The main options are:
What is better, pay or dividends?
Dividends are often combined with a salary to get the most tax effective extraction of profits when a business is carried on through a company. For many years it has been attractive to pay a small salary to allow the tax efficient use of the personal allowance, to provide a corporation tax deduction for the company but not to pay National Insurance contributions (NICs). This means a salary of £680 a month in 2017/18. This also results in a qualifying year for the state pension.
A new tax regime for dividends was introduced in April 2016 which resulted in many director-shareholders paying more tax on dividends. Does this change the mix of low salary and the remainder as dividends?
The Dividend Allowance of £5,000 does not change the amount of income that is brought into the income tax computation. Instead, it charges the first £5,000 of dividend income at 0% tax. This means that:
The result is that a low salary and the balance of income taken as dividends will still be tax efficient for many director-shareholders. This is likely to be the case even when the Allowance reduces to £2,000 in April 2018.
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For a higher rate taxpayer who just pays 2 per cent employee NICs, it would cost the company a gross £1,962 in salary or bonus to pay such an employee £1,000 net. The company should then qualify for 20 per cent corporation tax relief on this amount, bringing the net cost down to £1,570.
In contrast, if the company paid the individual a dividend, the higher rate taxpayer would have to pay 32.5 per cent tax on the dividend, and the company would therefore have to pay a dividend of £1,481.48 for the shareholder director to have an after-tax income of £1,000. That is just 5.6 per cent less than the bonus, so it is still worthwhile. The NIC saving outweighs the extra dividend tax.
Paying interest to the director-shareholder
Interest receipts are the main category of savings income. There are two tax breaks which can apply to savings income. One is the Savings Allowance which was introduced from April 2016. The Savings Allowance, which is £1,000 for basic rate taxpayers and £500 for higher rate taxpayers, charges interest up to these amounts at 0%.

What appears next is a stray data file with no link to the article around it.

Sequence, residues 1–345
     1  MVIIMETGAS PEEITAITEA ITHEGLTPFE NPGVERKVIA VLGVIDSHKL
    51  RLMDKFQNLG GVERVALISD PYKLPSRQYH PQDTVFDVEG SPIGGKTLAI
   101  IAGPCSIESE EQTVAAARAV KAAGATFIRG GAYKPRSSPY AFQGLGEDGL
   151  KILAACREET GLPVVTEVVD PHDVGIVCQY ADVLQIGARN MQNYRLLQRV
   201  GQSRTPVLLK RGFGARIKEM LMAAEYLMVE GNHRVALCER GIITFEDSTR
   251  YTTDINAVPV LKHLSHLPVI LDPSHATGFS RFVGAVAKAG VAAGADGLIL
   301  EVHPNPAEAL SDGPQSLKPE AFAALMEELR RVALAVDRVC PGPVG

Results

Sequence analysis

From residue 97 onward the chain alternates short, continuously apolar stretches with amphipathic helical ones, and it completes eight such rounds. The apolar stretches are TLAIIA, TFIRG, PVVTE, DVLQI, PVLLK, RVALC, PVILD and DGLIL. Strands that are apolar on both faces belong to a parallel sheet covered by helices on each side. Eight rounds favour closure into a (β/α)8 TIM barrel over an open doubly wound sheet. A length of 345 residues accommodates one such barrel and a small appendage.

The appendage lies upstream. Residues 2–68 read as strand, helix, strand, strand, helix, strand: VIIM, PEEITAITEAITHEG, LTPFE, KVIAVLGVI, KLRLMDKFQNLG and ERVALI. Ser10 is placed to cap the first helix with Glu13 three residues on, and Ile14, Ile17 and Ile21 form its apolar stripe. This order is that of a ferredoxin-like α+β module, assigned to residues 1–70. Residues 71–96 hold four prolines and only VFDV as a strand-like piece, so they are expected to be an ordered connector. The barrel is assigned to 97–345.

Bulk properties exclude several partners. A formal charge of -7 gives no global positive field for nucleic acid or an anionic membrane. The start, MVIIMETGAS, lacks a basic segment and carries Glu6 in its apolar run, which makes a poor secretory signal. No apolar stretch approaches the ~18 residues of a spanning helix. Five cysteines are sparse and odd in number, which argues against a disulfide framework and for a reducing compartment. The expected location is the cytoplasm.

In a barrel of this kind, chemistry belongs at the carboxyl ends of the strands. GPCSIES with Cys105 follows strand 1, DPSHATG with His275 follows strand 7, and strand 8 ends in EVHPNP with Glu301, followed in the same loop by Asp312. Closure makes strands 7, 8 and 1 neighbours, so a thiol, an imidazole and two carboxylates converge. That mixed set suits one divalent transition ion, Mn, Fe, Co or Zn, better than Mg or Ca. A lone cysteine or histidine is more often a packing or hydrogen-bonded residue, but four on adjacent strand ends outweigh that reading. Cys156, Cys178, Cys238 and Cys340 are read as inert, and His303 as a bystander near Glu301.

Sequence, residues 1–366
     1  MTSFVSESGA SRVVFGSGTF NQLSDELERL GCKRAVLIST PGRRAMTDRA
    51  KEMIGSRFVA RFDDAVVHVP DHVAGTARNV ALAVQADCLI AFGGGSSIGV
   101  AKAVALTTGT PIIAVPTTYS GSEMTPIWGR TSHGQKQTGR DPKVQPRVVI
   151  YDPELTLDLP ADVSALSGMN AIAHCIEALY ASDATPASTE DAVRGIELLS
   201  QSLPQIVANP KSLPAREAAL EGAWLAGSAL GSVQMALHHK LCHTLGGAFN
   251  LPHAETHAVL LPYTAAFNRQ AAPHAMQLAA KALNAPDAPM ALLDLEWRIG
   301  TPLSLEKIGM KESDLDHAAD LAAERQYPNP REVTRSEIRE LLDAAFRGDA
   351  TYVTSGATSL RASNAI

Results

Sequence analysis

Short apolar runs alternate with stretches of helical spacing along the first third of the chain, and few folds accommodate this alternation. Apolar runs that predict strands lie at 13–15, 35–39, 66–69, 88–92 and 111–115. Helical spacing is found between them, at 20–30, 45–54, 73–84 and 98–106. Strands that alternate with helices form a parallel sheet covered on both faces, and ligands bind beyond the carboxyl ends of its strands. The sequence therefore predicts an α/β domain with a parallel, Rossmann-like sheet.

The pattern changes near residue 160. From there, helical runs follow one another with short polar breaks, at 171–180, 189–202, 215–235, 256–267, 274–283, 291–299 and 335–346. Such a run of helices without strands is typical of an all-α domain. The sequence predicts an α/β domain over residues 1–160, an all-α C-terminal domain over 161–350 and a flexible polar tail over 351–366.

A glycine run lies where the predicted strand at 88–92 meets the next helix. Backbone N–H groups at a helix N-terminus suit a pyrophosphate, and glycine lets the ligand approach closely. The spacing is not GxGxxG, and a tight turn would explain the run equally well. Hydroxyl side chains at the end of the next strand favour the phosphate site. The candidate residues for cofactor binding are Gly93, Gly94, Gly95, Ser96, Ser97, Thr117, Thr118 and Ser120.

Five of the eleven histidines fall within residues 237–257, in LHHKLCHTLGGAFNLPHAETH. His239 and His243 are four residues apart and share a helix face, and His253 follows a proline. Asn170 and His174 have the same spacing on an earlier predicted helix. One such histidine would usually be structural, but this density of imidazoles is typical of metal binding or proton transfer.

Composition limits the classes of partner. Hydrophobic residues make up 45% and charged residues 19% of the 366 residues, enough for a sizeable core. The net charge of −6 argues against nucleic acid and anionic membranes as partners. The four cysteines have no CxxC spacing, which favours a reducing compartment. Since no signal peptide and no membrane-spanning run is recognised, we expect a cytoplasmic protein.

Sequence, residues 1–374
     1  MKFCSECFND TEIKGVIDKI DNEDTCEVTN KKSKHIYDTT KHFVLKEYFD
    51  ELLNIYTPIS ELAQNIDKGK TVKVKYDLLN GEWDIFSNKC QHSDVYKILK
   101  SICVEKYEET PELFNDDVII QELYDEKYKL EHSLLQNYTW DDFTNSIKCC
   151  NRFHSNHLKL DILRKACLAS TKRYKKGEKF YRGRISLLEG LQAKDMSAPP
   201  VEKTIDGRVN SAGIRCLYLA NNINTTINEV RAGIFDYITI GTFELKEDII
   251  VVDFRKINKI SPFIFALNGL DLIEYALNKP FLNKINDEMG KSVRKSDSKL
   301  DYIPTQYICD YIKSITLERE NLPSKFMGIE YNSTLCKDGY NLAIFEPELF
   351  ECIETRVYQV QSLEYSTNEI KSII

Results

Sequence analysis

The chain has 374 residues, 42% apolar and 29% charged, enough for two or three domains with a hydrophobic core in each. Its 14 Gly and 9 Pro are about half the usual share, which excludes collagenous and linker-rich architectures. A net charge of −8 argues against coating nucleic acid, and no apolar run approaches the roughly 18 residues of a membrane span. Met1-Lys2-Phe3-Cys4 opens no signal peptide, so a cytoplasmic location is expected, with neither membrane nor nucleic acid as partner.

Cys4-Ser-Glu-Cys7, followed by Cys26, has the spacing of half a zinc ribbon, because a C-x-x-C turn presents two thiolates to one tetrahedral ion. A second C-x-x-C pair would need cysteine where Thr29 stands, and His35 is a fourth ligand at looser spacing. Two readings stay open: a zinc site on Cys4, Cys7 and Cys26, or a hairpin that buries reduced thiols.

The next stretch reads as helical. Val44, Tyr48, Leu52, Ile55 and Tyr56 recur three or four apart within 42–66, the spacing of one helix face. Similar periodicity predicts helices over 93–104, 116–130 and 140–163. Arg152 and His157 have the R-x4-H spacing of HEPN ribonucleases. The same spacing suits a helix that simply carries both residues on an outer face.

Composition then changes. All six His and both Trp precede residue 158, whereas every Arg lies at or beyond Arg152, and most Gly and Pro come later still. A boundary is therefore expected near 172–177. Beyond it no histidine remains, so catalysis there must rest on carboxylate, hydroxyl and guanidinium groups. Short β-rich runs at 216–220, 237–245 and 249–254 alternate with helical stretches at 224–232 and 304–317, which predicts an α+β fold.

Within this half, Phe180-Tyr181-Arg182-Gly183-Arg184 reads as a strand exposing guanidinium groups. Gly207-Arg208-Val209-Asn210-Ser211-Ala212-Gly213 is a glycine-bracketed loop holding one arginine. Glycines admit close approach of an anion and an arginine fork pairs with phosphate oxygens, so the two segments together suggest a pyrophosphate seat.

The other tax break on savings income, the 0% starting rate of tax on savings income, has been around for many years but until recently it did not provide significant tax savings. The 0% starting band now potentially applies to £5,000 of savings income. This rate is not available if ‘taxable non-savings income’ (broadly earnings, pensions, trading profits and property income) exceeds the starting rate limit. However, dividends are taxed after savings income and thus are not included in the individual’s ‘taxable non-savings income’.
It is quite reasonable for the company to pay interest to its director on any credit balance in the director’s account, or on funds the director has provided to his company. However, the interest should be calculated at a commercial market rate, not at loan-shark rate.
Jane is a director-shareholder and has made loans to her company. She may be able to charge £5,000 a year based on the amount she has lent and a market rate of interest. She takes a small salary (approximately £8,000) and the balance as dividends (typically about £50,000). The salary would be covered by the personal allowance (which is £11,500 for 2017/18), with the dividend receiving the benefit of the remainder of the personal allowance – so £3,500. The rest of the dividend would be taxed at Dividend Allowance rate (0%), basic rate (7.5%) and higher rate (32.5%).